Thaddeus Pace, PhD, shares his team’s current research into whether guided meditation can benefit breast cancer survivors and their loved ones.
Cancer is a physically, emotionally and mentally exhausting experience.
Many of the 3.8 million breast cancer survivors in the United States today experience disruptive psychological distress or anxiety and depression.
Research suggests that distress experienced by survivors involves dysregulation of the body’s stress response pathways. Plus, the biology of cancer and treatment side effects can lead to increased inflammation and change the release of stress hormones including cortisol in the body.
At some point in their cancer survivorship journey, many people try meditation. My team at the University of Arizona College of Nursing has been working for the last few years to determine the scientific benefits of meditation for breast cancer survivors.
Unique meditation program focuses on compassion and connections
For the first time several years ago, my colleagues and I tested a meditation program for breast cancer survivors called CBCT®, or Cognitively-Based Compassion Training.
We focused on breast cancer survivors because this is the largest group of any given cancer, and because women share many common experiences after having breast cancer. Studies have found that up to 80% of women with breast cancer experience depression or anxiety within five years of being diagnosed.
We believe CBCT may be worthwhile for survivors because it helps people appreciate that they are connected to others and not alone, which reduces feelings of distress. We also know that meditation programs, including CBCT, can have a beneficial impact on inflammation and cortisol.
Unlike other guided meditation programs such as mindfulness meditation, CBCT goes beyond attention training and nonjudgmental awareness in the present moment to consider topics of self-compassion and compassion.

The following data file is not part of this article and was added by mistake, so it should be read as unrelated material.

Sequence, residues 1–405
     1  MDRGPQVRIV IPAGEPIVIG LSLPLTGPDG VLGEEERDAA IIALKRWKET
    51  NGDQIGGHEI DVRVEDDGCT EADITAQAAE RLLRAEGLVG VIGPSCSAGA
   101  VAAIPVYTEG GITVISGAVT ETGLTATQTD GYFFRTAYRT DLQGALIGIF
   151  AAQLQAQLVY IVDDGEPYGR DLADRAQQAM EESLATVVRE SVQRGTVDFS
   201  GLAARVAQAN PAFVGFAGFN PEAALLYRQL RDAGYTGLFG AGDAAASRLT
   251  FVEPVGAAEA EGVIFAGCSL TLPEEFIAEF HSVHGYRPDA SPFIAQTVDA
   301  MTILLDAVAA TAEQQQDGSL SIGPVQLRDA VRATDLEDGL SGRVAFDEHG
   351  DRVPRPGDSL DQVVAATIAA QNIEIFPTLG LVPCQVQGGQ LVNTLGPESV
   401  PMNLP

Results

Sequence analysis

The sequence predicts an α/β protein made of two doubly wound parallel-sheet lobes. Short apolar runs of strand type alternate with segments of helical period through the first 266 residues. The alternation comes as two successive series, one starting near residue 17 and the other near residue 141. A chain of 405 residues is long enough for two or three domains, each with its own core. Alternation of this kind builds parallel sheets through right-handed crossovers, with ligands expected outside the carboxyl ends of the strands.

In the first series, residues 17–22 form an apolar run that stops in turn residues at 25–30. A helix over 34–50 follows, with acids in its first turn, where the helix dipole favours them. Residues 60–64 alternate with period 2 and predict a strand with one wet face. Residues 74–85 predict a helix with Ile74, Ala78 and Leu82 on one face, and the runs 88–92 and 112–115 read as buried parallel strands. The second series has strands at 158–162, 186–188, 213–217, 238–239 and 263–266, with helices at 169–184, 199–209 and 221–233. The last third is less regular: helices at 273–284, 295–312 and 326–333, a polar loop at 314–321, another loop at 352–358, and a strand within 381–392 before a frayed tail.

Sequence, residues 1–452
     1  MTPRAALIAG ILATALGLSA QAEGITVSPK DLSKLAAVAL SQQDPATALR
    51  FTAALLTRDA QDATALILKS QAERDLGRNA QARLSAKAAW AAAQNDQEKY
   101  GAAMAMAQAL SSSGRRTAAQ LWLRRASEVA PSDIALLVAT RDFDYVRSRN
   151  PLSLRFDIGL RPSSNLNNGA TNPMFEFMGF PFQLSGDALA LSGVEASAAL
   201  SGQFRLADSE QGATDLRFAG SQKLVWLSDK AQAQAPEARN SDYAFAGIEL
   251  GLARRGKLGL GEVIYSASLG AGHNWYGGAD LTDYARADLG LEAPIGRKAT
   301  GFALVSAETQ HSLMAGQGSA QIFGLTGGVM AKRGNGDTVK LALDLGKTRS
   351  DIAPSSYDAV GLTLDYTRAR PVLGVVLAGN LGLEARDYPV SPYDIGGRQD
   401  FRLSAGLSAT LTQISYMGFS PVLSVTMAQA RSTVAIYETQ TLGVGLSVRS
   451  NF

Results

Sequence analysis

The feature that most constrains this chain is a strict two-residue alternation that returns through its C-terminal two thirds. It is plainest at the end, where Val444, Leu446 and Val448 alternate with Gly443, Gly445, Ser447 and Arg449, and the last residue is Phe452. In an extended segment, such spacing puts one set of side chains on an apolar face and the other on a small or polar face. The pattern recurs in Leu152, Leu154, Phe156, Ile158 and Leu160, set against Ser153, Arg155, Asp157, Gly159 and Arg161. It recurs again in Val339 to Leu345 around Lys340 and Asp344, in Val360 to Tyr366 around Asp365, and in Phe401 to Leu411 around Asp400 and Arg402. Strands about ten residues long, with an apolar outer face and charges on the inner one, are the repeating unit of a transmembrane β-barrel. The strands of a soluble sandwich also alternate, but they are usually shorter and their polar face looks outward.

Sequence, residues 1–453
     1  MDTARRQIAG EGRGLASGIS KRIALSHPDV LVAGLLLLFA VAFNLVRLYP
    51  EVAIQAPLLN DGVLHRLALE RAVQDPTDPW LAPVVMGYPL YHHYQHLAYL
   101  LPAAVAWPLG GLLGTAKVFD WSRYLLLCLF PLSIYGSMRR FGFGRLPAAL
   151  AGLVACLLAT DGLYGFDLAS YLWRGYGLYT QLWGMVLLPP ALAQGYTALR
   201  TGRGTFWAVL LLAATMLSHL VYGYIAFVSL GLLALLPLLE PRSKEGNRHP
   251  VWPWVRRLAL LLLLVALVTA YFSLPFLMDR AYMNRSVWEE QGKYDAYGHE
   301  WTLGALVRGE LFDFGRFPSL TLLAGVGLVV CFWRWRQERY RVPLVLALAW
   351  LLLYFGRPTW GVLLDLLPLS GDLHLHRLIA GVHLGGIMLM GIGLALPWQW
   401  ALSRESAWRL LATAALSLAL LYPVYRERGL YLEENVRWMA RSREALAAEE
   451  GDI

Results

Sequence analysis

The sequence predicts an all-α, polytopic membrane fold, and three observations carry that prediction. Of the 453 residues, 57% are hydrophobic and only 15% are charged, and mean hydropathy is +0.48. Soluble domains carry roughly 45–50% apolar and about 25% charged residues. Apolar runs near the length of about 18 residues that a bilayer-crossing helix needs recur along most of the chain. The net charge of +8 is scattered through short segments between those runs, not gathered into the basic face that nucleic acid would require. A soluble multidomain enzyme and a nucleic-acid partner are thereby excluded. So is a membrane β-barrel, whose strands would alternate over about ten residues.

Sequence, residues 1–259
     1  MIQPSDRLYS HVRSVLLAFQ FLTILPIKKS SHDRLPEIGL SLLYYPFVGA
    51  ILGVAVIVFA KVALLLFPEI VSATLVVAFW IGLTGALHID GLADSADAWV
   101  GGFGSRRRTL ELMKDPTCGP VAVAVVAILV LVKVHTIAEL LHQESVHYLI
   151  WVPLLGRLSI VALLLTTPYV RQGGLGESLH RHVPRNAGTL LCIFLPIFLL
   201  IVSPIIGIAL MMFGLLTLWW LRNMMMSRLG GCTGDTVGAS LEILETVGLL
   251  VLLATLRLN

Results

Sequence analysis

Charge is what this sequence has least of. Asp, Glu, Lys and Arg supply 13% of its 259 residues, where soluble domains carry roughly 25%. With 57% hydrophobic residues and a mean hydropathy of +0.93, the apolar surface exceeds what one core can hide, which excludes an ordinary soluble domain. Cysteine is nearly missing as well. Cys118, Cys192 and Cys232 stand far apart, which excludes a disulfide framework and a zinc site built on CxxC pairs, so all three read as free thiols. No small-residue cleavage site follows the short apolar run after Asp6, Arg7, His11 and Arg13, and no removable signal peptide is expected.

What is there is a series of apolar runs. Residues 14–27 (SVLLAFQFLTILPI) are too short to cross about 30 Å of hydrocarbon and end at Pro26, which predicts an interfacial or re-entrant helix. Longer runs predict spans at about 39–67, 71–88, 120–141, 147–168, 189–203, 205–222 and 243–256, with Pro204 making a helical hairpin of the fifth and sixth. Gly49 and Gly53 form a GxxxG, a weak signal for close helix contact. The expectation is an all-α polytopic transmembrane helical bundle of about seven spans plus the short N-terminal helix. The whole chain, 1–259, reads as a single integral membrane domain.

Central to CBCT is exploring the idea that everyone wants to be free of suffering and everyone wants to be happy. CBCT helps us analyze the importance of our interconnections with others and also better appreciate ourselves in this social world.
In our study several years ago, we found that breast cancer survivors who took part in CBCT had less depression and anxiety compared to survivors who were part of a control group. Another notable finding was that several survivors said they wanted to bring along their supportive partners.
Including breast cancer survivors’ partner, family and friends
When a loved one has cancer, the stress can be intense and may affect the whole family.
Cancer is a shared experience that pulls in supportive partners as well. Supportive partners are people in the “social orbit” of survivors, including spouses, adult children and parents of survivors.
Building evidence highlights the powerful interconnections that exist between survivors and supportive partners. When survivors are well, supportive partners are well. And when survivors experience psychological distress, supportive partners experience psychological distress, and vice-versa.
These interconnections highlight the importance of thinking about supportive partners when working to improve survivors’ well-being. And supportive partners need programs to help their well-being, too. So we’re continuing to work to develop new program options to offer to survivors and supportive partners, including CBCT.
Next steps for our research
With funding from the National Cancer Institute, we are now continuing our research with breast cancer survivors and supportive partners.
We expect to find that survivors will get the most benefit from CBCT for anxiety and depression when they learn along with their supportive partners. For the first time, we are excited to offer CBCT through Zoom. This way, our certified instructors can teach CBCT to survivors and their partners from around the United States.
If you’re interested in learning more about our work, please visit the Breast Cancer SUPORT project web page.
About the Author
Thaddeus Pace, PhD, is an associate professor in the University of Arizona College of Nursing. His research explores the stress biology of cancer survivors and novel interventions that can help both survivors and supportive partners.